What to Consider When Betting Elite 8 NCAA Tournament Games
On the doorstep of the Final Four, the pressure can be suffocating. Teams are just one victory from reaching college basketball’s promised land, an accomplishment worthy of awarding rings and hanging banners, a place that can redefine the reputation of a program or a head coach.
And they’re one loss from becoming a mere footnote in NCAA Tournament annals.
That’s the unforgiving nature of the Elite Eight, an all-or-nothing round unlike anything else in March Madness betting, where winners are immortalized and losers are forgotten.
It’s a place where the upstarts that dominate the early rounds are whittled down to such a select few, we still remember them today. It’s a level where the sport’s blue bloods remind everyone who continues to rule the game.
And from a college basketball betting perspective, it brings its own unique set of challenges far different than first-round betting, given that seed differences are often smaller and point spreads are typically tighter than in the rounds that came before.
The Elite Eight is a round of matchups and nuance, and here are five tips to help bettors figure it out.
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Chalk Goes Only So Far
For all the upsets produced by the opening four days, it’s the higher-seeded power teams that still dominate the tournament when it counts. And yet, don’t expect all four No. 1 seeds to reach the Final Four, something that’s happened just once, in 2008.
Three No. 1 seeds have made it just five times, most recently in 2015. According to the NCAA’s website, more No. 2, 3, and 4 seeds combined have reached the Final Four than No. 1s, but by a scant margin — 59 to 57.
While the top seeds are money when it comes to winning the national championship, in the Elite Eight there’s always room for somebody else to slip through.
Real Shockers are Rare
Sure, No. 11 seed Loyola of Chicago made the Final Four in 2018, but the Ramblers got there by beating a ninth-seeded Kansas State team in the Elite Eight. Seventh-seeded South Carolina, Michigan State and Connecticut — in 2017, 2015 and 2014 respectively, all got there by beating No. 4 seeds.
Real shockers in the Elite Eight are rare; from 2009-19, there have been only four that truly qualify: No. 10 Syracuse over No. 1 Virginia in 2016; No. 9 Wichita State over No. 2 Ohio State in 2013; and No. 11 VCU over No. 1 Kansas and No. 8 Butler over No. 2 Florida in 2011. That’s four out of 44 games, hardly a convincing percentage.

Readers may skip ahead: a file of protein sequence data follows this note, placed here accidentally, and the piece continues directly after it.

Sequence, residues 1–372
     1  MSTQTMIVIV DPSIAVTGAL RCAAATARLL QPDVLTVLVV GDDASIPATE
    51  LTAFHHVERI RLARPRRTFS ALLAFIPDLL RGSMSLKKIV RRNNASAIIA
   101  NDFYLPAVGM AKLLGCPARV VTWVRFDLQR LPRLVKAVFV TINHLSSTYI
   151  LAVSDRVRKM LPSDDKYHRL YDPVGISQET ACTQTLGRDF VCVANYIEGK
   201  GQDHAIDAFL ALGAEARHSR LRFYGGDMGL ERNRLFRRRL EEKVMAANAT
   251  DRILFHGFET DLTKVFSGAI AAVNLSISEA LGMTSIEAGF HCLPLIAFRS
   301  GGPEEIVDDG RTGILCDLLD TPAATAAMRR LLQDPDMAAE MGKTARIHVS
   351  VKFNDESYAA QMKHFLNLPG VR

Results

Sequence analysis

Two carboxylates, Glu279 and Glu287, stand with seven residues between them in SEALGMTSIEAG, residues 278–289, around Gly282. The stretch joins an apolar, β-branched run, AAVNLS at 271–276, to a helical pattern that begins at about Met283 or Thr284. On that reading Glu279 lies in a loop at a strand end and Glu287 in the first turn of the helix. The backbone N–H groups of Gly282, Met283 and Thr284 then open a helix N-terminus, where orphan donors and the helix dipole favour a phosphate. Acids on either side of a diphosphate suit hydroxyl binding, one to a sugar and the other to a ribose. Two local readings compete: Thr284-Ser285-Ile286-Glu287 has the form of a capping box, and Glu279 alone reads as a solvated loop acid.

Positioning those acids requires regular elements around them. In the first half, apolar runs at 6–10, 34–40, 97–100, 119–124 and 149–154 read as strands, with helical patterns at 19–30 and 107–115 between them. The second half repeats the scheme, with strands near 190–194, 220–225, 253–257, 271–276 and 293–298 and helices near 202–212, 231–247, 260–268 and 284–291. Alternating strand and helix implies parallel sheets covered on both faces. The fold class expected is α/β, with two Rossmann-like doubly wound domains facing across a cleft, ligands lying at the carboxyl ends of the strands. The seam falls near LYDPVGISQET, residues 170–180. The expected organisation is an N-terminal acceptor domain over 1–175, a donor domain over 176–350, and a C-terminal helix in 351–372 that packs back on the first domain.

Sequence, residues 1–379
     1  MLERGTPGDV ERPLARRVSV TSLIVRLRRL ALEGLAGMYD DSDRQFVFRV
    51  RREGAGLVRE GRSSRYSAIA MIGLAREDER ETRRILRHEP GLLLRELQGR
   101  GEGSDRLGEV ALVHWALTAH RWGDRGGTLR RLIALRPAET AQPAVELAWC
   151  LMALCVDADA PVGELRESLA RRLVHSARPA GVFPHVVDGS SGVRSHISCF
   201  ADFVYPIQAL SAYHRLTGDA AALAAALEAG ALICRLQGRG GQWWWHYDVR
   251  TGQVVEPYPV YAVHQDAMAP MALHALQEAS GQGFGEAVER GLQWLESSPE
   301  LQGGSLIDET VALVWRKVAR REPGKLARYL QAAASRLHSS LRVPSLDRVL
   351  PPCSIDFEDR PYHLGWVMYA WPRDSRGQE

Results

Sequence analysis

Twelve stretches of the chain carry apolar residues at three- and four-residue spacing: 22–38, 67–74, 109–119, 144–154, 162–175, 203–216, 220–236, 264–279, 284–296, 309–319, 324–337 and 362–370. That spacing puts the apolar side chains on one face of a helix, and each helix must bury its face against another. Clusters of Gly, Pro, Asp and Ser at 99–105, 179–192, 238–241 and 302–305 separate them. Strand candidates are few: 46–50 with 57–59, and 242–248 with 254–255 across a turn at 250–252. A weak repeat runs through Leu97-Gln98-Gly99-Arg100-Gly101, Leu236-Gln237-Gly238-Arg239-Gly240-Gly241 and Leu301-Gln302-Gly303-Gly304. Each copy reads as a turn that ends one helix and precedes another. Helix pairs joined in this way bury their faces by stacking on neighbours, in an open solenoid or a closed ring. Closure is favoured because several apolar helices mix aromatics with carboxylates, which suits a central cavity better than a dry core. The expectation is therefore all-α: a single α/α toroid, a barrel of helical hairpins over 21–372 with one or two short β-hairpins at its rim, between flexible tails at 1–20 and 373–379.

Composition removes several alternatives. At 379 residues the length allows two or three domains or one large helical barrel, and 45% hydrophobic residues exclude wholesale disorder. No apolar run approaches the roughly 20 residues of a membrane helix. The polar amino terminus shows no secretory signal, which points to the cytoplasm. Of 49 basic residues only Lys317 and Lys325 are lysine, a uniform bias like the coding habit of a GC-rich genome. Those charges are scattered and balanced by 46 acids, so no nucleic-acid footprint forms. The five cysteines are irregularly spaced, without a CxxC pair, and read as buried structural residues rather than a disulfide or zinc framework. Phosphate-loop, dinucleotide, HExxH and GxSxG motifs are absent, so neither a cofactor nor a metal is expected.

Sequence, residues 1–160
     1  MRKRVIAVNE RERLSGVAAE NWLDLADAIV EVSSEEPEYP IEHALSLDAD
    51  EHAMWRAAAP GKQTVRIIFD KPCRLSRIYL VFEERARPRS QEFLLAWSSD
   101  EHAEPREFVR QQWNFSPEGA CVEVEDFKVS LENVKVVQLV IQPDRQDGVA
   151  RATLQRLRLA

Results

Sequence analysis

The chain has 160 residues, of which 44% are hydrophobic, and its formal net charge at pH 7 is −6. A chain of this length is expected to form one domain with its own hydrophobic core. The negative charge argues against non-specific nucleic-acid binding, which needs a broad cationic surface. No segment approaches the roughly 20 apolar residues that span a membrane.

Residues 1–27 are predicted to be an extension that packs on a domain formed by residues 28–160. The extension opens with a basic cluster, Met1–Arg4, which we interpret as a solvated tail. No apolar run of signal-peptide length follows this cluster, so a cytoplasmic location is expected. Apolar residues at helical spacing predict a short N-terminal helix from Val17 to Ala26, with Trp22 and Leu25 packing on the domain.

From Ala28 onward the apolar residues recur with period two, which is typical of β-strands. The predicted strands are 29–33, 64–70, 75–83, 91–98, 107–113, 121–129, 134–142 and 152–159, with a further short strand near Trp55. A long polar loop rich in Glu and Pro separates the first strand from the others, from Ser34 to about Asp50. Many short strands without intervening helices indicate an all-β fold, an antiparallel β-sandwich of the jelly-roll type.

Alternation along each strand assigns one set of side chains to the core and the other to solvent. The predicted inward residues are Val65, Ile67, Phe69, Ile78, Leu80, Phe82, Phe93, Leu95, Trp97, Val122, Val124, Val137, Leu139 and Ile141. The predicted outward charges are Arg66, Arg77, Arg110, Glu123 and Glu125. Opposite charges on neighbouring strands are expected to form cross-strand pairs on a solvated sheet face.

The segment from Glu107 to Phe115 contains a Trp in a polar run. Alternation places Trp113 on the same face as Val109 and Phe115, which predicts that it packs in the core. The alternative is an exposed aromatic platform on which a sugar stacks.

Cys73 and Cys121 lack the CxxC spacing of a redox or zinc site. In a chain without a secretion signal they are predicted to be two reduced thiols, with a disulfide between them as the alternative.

But Upsets Still Happen
The more common upsets in the Elite Eight are mild ones, but they occur with surprising regularity.
From 2009-19, lower seeds have won 25 of 44 games, although these are often the type of upsets that don’t trigger the Richter scale — for example, No. 2 Michigan State over No. 1 Duke and No. 3 Texas Tech over No. 1 Gonzaga in 2019.
Five times in the last 11 years just one higher-seeded team has advanced out of the Elite Eight. Clearly, there’s a theme developing here: The Elite Eight is dominated by elite, major-conference programs, though not always No. 1 regional seeds.
High Seeds Play Close Games
At least, often they do. Regional finals between two high seeds often produce single-digit margins, a trend that’s been plainly evident over the past decade.
Michigan State won by a point over Duke last year, and the other three games were decided six points or less. No. 1 seed Kansas and No. 2 Duke went to overtime in an eventual four-point game in 2018. No. 1 seed North Carolina edged No. 2 Kentucky by a bucket the season before.
There are exceptions, to be certain, like No. 1 Louisville hammering No. 2 Duke by 22 in 2013.
Getting Over the Hump is Hard
Reaching the Final Four is such a huge milestone for a program, even one with an elite reputation, that failing to get there time and time again can add pressure in the Elite Eight.
We saw it with Gonzaga over and over until the Zags at last broke through in 2017. We see it even in programs with multiple national championships, such as Kansas, which often still stalls out in the regional final.
The most glaring current example was Virginia, which despite so much regular-season success had repeatedly gagged in March. That of course ended last season with the Cavaliers winning the national title a year after becoming the first No. 1 seed to lose to a No. 16 seed.